When I started reading this one, it took me awhile to get into the flow of it. The story started pretty slowly, but picked up about a third of the way through. If you find it starts too slowly for your liking, punch through - it's worth it.

This world is brilliantly devised and written. It seems to take place in the 19th century, but it's hinted at that this is not the same 19th century from our past. This is a world where witches once ruled, but now the Brotherhood is the authority - seeking to subvert and oppress women. Every single trial and punishment I can recall from the book was a girl or woman - never a man. Women accused of witchery were either sent to an asylum or they mysteriously disappeared.

This is the world Cate Cahill and her two sisters have grown up in - as witches. Cate has spent the three years since their mother died trying to protect her sisters and keep their secret, all while watching other girls from the town be accused, tried, and punished for witchery.

I can't imagine the strength of character required for Cate to stay sane while living through the events of this book. My heart aches for her - for the choices she was forced to make, and for the sacrifices she made.

My only complaint with the book is that it ends in the middle of the story. I know that it's a series and will pick up in the next book, but it always bothers me when nothing is tied up at the end of a book.
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9 of 11 people found the following review helpful By S. Su on March 30, 2012
Format: Hardcover
There's no good way for me to start this review except to just come straight out and say that this book disappointed me. With a pretty cover and interesting premise but lacking in world-building, solid pacing, and full characterization, BORN WICKED seems to exemplify all that is characteristic of recently published YA that are big hits but technically weak. So what follows is probably going to be more of a what-not-to-do essay for YA writers, and I hope to God that future writers and publishers will take these points into consideration before publishing their books.

Every day Cate Cahill worries that today's the day she and her younger sisters Maura and Tess will be exposed as the witches they are. The Brotherhood, which controls almost every aspect of life in New England, nearly wiped out the Daughters of Persephone several decades ago, and Cate fears for their lives every day.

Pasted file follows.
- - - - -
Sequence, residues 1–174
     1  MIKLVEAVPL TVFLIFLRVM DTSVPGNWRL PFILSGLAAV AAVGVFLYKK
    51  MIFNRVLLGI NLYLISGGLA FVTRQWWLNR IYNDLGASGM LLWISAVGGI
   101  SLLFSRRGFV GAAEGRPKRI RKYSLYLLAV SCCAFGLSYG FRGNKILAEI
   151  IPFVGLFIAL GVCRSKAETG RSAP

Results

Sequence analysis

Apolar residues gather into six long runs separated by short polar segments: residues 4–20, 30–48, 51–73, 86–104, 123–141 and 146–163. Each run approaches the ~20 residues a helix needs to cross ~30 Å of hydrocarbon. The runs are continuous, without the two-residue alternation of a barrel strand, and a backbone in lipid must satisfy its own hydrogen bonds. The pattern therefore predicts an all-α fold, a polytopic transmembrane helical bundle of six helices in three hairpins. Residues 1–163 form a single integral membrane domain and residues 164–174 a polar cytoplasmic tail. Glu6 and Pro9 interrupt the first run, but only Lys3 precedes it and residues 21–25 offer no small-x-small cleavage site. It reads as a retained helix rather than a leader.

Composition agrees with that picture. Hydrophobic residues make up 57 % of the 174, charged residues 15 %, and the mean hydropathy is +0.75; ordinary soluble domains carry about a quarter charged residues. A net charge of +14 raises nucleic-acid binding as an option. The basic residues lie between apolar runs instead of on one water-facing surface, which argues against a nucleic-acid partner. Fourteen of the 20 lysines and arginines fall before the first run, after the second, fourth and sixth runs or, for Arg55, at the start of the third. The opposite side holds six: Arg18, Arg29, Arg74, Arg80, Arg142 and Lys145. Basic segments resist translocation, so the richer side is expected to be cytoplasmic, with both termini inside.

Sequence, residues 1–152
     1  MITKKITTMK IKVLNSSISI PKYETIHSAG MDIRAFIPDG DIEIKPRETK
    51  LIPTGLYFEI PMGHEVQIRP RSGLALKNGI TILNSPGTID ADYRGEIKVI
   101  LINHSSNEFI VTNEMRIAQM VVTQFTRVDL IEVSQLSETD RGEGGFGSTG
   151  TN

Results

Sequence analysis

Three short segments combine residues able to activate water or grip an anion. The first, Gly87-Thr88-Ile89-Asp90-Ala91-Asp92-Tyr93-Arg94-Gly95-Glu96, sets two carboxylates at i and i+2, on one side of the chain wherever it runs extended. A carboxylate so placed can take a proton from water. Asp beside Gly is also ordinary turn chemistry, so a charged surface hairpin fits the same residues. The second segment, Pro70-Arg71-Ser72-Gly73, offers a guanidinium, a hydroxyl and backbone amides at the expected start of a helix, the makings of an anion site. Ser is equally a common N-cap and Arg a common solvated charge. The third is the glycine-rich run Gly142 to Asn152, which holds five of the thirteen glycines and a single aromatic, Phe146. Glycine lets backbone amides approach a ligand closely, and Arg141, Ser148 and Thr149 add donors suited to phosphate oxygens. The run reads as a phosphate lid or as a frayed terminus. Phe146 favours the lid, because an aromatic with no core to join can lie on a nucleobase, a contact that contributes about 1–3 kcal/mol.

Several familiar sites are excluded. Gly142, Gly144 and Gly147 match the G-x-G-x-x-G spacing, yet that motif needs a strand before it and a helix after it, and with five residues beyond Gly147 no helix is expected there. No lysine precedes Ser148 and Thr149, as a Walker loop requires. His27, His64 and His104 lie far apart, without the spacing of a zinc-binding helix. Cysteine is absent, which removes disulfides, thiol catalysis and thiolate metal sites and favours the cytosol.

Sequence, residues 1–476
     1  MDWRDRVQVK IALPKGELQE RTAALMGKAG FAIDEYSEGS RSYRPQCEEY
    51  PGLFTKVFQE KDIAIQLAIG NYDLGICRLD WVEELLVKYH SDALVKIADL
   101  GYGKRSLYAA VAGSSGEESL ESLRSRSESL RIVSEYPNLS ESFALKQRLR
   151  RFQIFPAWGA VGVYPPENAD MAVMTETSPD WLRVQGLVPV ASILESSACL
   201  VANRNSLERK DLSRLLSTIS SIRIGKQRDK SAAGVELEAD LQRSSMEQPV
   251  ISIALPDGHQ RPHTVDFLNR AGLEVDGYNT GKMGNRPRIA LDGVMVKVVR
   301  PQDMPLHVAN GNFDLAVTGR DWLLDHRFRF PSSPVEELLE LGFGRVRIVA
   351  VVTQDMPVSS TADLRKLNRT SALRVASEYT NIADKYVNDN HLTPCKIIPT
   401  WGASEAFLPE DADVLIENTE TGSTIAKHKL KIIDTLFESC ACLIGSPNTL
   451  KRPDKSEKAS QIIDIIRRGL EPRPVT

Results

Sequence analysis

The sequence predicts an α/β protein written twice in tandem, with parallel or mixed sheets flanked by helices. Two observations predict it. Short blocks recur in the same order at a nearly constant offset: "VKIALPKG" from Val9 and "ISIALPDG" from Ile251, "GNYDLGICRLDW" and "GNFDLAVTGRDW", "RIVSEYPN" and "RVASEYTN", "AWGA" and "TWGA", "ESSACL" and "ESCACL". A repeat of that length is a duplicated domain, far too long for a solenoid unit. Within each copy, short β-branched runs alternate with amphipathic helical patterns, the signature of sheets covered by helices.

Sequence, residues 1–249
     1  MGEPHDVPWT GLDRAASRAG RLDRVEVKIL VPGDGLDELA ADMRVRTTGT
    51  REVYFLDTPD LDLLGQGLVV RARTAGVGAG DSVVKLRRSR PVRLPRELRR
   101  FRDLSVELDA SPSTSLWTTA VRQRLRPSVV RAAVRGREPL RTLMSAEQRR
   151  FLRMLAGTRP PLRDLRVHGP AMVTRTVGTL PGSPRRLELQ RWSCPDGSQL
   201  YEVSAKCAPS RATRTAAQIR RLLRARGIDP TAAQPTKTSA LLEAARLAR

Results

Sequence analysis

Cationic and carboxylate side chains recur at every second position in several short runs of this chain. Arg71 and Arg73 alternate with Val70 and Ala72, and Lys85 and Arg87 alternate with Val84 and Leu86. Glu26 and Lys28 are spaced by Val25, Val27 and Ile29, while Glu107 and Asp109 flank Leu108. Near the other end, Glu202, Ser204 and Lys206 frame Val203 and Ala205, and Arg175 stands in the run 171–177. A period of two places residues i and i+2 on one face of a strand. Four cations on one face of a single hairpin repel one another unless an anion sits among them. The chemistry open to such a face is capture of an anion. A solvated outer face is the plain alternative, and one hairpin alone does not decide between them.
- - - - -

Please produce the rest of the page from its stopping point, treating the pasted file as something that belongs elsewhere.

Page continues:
When a warning note from a stranger and her mother's diary reveal to Cate a dreadful prophecy that affects them all, Cate finds herself ever more mired in the events and relationships of Chatham: trying to decide what the new friendships of several popular girls in town means, dealing with a suspicious new governess, fending off the advances of her childhood friend, falling for someone completely inappropriate for her, and delving more into her mother's history and the details of the prophecy. The more Cate explores, the more she realizes that few people are who they seem...and they all seem to want something from her. But what about what she wants for herself?

So let's begin by going down that list, I guess.
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9 of 12 people found the following review helpful By Amazon Customer on February 7, 2012
Format: Hardcover
Born Wicked is about three sisters, with the eldest, Cate telling the tale. Nearing her birthday, Cate must soon choose her future: Marriage to a man she may or may not have a choice in, or spending her life with the Sisterhood. Either choice means leaving her sisters, sisters that have not always made the smartest decisions about hiding the magic they have. In early New England, the hunt for witches has gone to an extreme, and The Brotherhood takes girls who are even suspicious of having magic to an asylum, are forced to hard labor, or in more extreme cases, kill them. The Brotherhood preaches that women should be meek and mild, and discourages them of having passions.

Cate has taken care of her sisters since their Mother's death as best she can, however her Father is having a new Governess brought in. New people means greater risk of exposure, and Cate already has a hard enough time keeping her younger sisters in check. Now with new dangers coming at her from all sides and the discovery of a prophecy almost certainly about their family that puts them even more in danger, Cate is put to the test.

I enjoyed Born Wicked quite a bit, and I found the world intriguing. As someone who'd always been curious about the Salem Witch Trials, it's interesting to see a twist on a world where this is taken to an extreme. Cate is an interesting character who does the best she can with the rotten hand she's been dealt, and I felt for her continuously throughout the book. No decision she makes is easy, and she's often left between choosing from bad to worse. That said, the romance in Born Wicked leaves something to be desired, and definitely screams `insta-love!'. I had a hard time really feeling the emotions Finn and Cate as they seem to happen without any real evolution.